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What is the Difference Between Nearsighted and Farsighted?

Marjorie McAtee
By
Updated Mar 03, 2024
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Nearsighted and farsighted vision, or myopia and hyperopia, are believed to be two of the most common vision problems in the world. People who are nearsighted are typically able to see things that are close up, but often have problems seeing things in the distance. People who are farsighted typically have the opposite problem. Things close up appear indistinguishable, while things in the distance can be seen clearly. Nearsighted and farsighted vision are typically caused by abnormalities in the curve of the cornea, or by abnormal elongation or shortening of the eye ball itself. Both conditions can generally be corrected with eye glasses or contact lenses.

Myopia, the vision problem often referred to as nearsightedness or shortsightedness, typically occurs when the curve of the cornea is too pronounced, or when the eye ball itself is elongated in shape. These physical abnormalities mean that light can take longer to reach the retina of the eye than it should. Light from objects farther away can take so long to reach the retina of a nearsighted person, so objects in the distance can appear out of focus. Myopia may be more or less severe, depending on the extent of the structural abnormality in the eye. Ophthalmologists can usually correct nearsightedness with prescription eye glasses, permanent or disposable contact lenses, or LASIK eye surgery.

Hyperopia, the vision problem often commonly called farsightedness or longsightedness, generally occurs when the curve of the cornea is too under-pronounced, or the eye ball itself is abnormally compressed in length. These abnormalities of the eye structure mean that light rays can reach the retina of the eye sooner than they ought. Light rays reflecting off of nearby objects may reach the retina too soon, so that closer objects appear out of focus while objects farther away appear in clear focus. Again, the hyperopia may be more or less severe, depending on the extent of the eye's structural abnormalities. Ophthalmologists can usually correct this condition in the same way that they can correct nearsightedness, with eye glasses, contact lenses, implantable contact lenses, or LASIK surgery.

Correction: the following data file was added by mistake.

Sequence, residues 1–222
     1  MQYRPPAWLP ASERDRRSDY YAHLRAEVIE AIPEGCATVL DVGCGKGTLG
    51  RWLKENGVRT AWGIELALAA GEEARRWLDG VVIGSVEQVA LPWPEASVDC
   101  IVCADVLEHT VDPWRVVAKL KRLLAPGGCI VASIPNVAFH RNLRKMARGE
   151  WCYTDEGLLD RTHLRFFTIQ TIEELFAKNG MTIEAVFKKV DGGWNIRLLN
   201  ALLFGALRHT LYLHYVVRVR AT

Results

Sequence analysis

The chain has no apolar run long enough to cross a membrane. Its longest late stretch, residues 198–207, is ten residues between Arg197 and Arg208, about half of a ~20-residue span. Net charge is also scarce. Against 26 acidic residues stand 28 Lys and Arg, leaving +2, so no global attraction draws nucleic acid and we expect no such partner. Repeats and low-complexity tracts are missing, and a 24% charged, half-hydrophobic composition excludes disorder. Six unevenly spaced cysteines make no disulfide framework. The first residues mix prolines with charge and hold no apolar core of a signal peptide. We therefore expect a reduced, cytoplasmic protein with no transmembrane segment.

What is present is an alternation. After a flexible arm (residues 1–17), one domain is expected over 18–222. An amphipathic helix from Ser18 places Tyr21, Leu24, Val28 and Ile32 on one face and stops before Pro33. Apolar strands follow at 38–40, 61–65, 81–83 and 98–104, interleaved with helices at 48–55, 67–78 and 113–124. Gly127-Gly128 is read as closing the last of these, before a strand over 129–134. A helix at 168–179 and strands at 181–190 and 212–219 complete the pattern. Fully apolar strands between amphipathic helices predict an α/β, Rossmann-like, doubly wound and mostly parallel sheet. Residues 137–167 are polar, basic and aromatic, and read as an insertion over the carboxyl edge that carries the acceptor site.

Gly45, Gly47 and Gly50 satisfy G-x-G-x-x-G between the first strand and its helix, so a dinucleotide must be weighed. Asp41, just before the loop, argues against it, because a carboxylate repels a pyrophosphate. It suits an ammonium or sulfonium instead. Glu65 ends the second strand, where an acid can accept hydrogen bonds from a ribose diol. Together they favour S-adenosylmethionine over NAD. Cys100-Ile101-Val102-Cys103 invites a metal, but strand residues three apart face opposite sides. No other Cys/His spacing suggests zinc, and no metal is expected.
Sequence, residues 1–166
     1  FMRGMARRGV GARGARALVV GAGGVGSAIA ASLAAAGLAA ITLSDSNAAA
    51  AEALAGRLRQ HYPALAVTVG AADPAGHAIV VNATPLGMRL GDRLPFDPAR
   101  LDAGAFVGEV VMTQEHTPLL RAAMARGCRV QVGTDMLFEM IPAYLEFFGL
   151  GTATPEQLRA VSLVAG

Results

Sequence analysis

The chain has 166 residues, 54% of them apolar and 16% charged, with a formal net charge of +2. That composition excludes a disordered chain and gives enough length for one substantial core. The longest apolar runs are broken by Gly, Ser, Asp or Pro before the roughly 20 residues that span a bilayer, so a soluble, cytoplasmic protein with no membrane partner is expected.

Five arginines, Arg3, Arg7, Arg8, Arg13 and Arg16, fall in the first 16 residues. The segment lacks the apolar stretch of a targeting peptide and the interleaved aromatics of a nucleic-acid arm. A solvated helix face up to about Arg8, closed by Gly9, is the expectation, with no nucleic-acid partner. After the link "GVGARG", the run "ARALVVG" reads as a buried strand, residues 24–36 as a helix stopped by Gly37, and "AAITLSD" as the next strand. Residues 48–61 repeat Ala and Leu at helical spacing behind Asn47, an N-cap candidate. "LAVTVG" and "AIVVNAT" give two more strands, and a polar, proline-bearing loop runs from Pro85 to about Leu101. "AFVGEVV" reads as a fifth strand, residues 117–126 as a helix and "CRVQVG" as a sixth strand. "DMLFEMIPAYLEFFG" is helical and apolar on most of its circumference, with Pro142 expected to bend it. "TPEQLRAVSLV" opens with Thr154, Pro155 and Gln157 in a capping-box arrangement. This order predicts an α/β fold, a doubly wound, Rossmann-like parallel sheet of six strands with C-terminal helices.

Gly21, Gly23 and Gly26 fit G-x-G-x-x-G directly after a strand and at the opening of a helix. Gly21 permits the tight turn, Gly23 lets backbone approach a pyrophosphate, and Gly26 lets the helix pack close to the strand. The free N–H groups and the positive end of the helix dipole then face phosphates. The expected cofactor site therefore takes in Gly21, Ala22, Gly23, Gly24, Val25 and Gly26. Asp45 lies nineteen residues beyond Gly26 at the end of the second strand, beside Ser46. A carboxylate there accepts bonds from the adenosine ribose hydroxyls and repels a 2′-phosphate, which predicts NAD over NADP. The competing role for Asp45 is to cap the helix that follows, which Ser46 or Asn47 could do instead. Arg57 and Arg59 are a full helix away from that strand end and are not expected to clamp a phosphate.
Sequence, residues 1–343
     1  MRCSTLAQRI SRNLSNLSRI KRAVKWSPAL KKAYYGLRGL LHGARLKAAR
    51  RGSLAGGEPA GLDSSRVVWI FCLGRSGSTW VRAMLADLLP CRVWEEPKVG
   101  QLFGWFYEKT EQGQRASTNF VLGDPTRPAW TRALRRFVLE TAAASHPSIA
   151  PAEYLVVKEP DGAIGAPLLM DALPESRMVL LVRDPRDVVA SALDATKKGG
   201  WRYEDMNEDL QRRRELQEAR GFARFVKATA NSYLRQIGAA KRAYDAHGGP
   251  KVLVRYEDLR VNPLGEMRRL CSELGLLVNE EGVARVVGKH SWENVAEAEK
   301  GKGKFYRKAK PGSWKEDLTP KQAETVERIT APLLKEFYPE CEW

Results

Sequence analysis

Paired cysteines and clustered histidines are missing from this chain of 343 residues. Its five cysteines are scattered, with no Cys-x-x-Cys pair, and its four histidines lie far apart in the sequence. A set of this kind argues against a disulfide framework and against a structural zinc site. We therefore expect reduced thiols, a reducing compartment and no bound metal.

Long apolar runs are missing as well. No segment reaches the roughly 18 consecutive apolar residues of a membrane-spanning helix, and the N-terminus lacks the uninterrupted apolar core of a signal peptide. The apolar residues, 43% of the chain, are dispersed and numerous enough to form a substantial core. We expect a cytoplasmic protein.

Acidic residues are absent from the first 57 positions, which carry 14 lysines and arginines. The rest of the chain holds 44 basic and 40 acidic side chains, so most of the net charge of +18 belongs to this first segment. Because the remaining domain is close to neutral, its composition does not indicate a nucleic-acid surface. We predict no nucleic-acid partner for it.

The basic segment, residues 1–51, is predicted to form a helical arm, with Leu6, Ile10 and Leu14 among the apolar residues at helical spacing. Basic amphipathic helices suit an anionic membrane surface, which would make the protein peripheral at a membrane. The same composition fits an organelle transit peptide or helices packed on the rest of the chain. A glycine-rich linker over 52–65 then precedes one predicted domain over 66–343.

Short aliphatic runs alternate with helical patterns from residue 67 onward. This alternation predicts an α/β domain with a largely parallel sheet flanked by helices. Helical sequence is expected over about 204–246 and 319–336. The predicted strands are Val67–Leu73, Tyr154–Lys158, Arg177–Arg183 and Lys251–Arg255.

Nearsighted and farsighted vision, while common and easily to correct, can often worsen gradually with time. People who suffer from both nearsighted and farsighted vision problems are generally advised to have regular eye exams and wear corrective lenses to help slow the deterioration of vision.

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Marjorie McAtee
By Marjorie McAtee
Marjorie McAtee, a talented writer and editor with over 15 years of experience, brings her diverse background and education to everything she writes. With degrees in relevant fields, she crafts compelling content that informs, engages, and inspires readers across various platforms. Her ability to understand and connect with audiences makes her a skilled member of any content creation team.
Discussion Comments
By myharley — On Jun 13, 2011

Everybody - including those who are farsighted and nearsighted - will have to use some kind of reading glasses once they get close to age 40. This is hard to understand if you are not there yet, but you will eventually get to that point.

I know they have contact lenses that you can wear that will help correct this, but my eye doctor says that he has not had the best luck with them. You only need the correction when you are trying to read small print like a phone book or menu, but it seems to keep getting worse as you get older.

By sunshined — On Jun 12, 2011

Laser eye surgery is an alternative that many people are using to correct their vision. It has been 11 years since I had my laser surgery done by a very well-known and competent eye doctor. I had great results for a few years, but gradually my vision started changing again.

I have started wearing glasses again most of the time, just because I like to see very clearly. I was still able to pass my drivers license test without using any correction, but my vision is not 20/20 anymore.

By John57 — On Jun 09, 2011

I began wearing contact lenses for being nearsighted when I was a teenager. This was many years ago, when all they had were the hard contact lenses for vision correction. Even after the soft lenses became popular, I remember being told that the hard lenses could help slow down your vision from getting any worse.

I wore the hard lenses for many years because of this, and because I enjoyed the clear vision I got from them. My vision never did get really bad, so don't know if it was from wearing the hard lenses or not.

Marjorie McAtee
Marjorie McAtee
Marjorie McAtee, a talented writer and editor with over 15 years of experience, brings her diverse background and education to everything she writes. With degrees in relevant fields, she crafts compelling content that informs, engages, and inspires readers across various platforms. Her ability to understand and connect with audiences makes her a skilled member of any content creation team.
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